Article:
In the past 90 days, the full year estimate has risen from $1.63/share all the way to $2.20, leaving Makita with a forward 12-month P/E Ratio of less than 20X. The industry average is over 22X.
Makita has also earned a Zacks Rank #1 (Strong Buy).
With a lower forward P/E Ratio than the handheld tools sub-industry, rising estimates and coming off a big earnings beat, there’s no obvious reason for Makita to be underperforming its peers, yet that’s what has happened so far in 2021.
That market oversight can be your gain.
Innovative Industrial Properties has gained almost 150% over the past two years – in addition to paying steadily increasing quarterly dividends. While the rest of the industry was reeling, IIPR was quietly acquiring new properties and increasing its market cap.
IIPR engages in one core business practice – buying real estate properties that are used for cannabis business activities (primarily cultivation), provides tenant improvements to make those properties more suitable for the intended business activities and then leases them back to the previous owners on very attractive terms.
The sale-leaseback arrangement is not uncommon in the commercial real estate world – many other Real Estate Investment Trusts do essentially the same thing – but IIPR was the only large-scale REIT to specialize in cannabis properties. That, combined with the fact that cannabis companies in the US have been almost entirely shut out of traditional borrowing/lending activity is what allows IIPR to sign leases with 15-year terms and charge 15% of their total investment annually on a triple-net basis in rent.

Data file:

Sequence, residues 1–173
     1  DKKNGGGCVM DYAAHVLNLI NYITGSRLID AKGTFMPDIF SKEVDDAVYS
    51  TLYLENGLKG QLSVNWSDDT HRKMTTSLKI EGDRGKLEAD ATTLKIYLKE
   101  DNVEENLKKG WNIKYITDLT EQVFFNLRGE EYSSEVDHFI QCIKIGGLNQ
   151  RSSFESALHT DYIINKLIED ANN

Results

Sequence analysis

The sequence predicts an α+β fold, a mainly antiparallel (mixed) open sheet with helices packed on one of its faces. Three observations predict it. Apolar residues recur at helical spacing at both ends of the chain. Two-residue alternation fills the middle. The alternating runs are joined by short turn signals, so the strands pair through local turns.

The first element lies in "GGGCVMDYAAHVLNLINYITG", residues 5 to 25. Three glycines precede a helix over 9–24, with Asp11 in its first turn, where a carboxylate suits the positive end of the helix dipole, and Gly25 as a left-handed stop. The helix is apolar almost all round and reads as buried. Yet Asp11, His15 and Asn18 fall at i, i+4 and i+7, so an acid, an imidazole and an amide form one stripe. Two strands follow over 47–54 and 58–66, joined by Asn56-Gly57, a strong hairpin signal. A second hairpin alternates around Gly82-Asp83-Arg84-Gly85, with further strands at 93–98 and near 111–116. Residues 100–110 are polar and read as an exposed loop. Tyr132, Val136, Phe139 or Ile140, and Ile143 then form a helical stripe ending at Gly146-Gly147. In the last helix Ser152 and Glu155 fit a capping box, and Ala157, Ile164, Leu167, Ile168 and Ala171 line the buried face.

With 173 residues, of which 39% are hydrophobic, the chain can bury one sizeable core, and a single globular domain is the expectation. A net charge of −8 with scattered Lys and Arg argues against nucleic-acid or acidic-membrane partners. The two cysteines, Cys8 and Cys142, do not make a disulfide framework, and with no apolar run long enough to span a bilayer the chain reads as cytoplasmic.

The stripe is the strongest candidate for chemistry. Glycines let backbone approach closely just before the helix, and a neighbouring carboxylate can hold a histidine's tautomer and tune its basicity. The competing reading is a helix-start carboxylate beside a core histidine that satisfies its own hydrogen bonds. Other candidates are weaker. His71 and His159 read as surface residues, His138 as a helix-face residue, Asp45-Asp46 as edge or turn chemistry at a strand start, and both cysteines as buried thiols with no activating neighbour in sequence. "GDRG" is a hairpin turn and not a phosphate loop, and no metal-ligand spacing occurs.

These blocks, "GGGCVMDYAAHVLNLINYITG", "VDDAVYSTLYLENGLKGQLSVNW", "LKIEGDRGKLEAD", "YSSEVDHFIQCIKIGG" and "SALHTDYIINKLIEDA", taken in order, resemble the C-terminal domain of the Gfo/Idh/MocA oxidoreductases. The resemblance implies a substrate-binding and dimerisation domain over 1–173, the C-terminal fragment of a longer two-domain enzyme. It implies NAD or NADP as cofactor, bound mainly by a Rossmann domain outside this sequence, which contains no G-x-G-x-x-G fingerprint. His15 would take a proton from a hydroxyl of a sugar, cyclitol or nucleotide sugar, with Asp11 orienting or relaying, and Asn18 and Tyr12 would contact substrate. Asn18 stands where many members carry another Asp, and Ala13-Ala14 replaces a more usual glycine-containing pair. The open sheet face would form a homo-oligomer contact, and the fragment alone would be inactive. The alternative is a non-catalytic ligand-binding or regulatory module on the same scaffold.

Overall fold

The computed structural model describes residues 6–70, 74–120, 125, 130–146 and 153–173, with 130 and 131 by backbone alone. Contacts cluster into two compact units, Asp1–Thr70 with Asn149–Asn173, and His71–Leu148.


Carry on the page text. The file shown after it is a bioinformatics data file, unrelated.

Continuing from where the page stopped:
IIPR is essentially lending millions of dollars to cannabis companies who don’t have access to other sources of capital and collecting a commensurately high interest rate for doing so. They raise cash in the equity markets (that’s us), and structure real estate deals that provide that cash to cannabis businesses for growth initiatives, capital purchases, etc.
It’s a very clever - and totally legal - end-run around regulations that prevent federally insured lending institutions from doing business with companies engaged in a business that’s still illegal at the federal level.
Recently, the Chairman of the House Judiciary Committee, Jerry Nadler (D, NY) announced that he would be reintroducing the Mariuana Opportunity Reinvestment and Expungement (MORE) Act. That legislation would broadly legalize cannabis, expunge prior convictions and establish a national tax structure. It was easily approved in the House last year, but was never even discussed in the Senate because of the objections of former Majority leader Mitch McConnell (R, KY).
With the current 50/50 splint in the Senate and the tie-breaking vote belonging to Vice President Kamala Harris - who personally drafted some of the bill's language - the chances of the MORE Act passing are now pretty high.
That’s likely to cut into the juicy cap rates that IIPR has been enjoying. Prospective tenants won't have to do a leaseback deal with a landlord if they can get a mortgage and/or take out a conventional business loan from a bank.
Another political consideration is the latest fiscal stimulus involves nearly $2 trillion more in US Government borrowing. The debt markets have already been anticipating increased debt sales and interest rates on US Treasuries have been rising. So far, the effect has been fairly modest, but the direction in medium to long-term rates is undeniably upward.